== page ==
Courtesy New York State Museum, Albany, New York. Alva S. Reed Collection.

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Trade Axe

Iron axes were tools commonly used by Native Americans following contact with Europeans. The shape of this axe head and its asterisk marks were typical of French trade axes of the 17th century. The two marks on the axe suggest that it is of medium size. Axes with three marks were usually larger; those with one mark were smaller. A study of trade axes from southeastern Ontario and northwestern New York Iroquoian archaeological sites dating between 1550 and 1650 determined that of nearly a dozen marks recorded, the asterisk mark was overwhelmingly the most common for the period 1600-1650. It was found on 56% of the axes from sites dating between 1630 and 1650, and was probably also common in the last half of the 17th century. This example was recovered from the vicinity of Seneca Iroquois sites (now Lima, Livingston County, New York) occupied during the early 1600s.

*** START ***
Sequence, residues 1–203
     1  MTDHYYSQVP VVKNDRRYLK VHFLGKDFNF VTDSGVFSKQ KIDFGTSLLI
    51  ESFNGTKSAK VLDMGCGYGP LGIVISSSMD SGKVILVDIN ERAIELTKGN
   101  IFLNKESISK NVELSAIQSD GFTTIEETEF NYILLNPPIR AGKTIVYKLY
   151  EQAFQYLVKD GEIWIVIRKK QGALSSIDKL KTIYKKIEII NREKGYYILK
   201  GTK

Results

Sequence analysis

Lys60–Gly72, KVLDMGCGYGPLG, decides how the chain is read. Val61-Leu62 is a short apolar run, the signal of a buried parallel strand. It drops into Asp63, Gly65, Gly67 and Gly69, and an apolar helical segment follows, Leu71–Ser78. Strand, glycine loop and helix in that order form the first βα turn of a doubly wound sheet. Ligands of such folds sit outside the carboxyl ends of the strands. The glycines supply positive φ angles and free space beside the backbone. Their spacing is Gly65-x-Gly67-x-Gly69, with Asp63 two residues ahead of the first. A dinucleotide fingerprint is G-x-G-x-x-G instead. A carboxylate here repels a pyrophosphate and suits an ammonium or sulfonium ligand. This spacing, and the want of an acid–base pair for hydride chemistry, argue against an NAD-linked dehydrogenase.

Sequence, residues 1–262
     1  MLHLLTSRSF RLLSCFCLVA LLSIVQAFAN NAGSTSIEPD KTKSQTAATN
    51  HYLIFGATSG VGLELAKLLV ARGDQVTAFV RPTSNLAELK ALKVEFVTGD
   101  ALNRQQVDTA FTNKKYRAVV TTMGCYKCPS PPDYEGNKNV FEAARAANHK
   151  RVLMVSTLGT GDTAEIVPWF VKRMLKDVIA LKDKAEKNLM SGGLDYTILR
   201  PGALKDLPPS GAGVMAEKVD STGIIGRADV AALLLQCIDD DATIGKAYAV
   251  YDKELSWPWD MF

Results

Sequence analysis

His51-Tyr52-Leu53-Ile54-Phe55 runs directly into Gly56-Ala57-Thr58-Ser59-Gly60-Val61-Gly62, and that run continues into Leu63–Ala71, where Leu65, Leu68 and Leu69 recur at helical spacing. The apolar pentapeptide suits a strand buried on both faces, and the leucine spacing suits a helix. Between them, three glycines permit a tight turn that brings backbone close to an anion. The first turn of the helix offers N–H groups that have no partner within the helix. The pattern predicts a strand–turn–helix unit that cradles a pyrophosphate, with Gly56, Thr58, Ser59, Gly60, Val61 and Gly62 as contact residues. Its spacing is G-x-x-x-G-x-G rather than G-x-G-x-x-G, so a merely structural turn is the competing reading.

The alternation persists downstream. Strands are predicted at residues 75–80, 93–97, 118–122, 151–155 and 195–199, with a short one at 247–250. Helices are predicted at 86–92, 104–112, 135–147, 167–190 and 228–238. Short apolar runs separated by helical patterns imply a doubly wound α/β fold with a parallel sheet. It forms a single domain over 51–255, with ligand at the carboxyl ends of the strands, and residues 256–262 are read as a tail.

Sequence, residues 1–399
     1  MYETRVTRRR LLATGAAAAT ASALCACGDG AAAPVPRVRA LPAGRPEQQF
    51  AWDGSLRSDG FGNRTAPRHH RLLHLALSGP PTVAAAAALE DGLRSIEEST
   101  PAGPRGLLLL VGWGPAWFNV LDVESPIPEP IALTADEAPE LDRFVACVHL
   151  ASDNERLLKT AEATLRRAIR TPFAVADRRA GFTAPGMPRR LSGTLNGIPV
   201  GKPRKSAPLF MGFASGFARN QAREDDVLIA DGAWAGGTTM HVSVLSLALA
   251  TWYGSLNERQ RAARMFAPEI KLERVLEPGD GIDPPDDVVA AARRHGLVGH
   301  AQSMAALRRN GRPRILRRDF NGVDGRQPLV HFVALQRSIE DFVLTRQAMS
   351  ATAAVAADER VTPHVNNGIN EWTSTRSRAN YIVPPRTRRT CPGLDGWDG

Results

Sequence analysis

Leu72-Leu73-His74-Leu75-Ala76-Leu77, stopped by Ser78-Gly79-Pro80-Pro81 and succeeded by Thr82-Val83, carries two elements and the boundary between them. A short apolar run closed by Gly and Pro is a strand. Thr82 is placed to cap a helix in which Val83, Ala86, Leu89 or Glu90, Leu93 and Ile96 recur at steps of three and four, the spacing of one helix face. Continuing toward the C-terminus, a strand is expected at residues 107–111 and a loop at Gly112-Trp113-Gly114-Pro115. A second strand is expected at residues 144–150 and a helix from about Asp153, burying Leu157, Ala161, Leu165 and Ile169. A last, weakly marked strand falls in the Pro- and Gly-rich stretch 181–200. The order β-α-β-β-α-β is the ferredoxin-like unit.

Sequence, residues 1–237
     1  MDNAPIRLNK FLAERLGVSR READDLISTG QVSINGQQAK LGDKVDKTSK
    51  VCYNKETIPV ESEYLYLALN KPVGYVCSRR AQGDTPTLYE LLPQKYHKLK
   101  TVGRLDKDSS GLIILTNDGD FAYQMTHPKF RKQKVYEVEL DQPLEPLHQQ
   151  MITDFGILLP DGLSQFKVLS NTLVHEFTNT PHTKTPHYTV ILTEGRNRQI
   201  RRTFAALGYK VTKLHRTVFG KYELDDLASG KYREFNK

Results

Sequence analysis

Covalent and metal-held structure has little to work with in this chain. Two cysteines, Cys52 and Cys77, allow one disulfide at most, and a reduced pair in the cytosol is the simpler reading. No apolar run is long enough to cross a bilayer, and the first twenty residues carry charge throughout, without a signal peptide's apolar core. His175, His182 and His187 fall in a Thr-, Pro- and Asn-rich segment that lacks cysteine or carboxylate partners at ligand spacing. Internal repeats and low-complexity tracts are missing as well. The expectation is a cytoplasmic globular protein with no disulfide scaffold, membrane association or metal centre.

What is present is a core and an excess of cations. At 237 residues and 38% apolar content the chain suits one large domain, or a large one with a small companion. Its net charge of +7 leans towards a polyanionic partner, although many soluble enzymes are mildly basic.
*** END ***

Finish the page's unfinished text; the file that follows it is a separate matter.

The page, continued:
Date: circa 1600 - 1700 
Topic: Tools 
Materials: Iron
Dimensions: H: 3.25 in.(8.3 cm.), L: 6.25 in.(16.0 cm) 
Accession #: NYSM #A-28817

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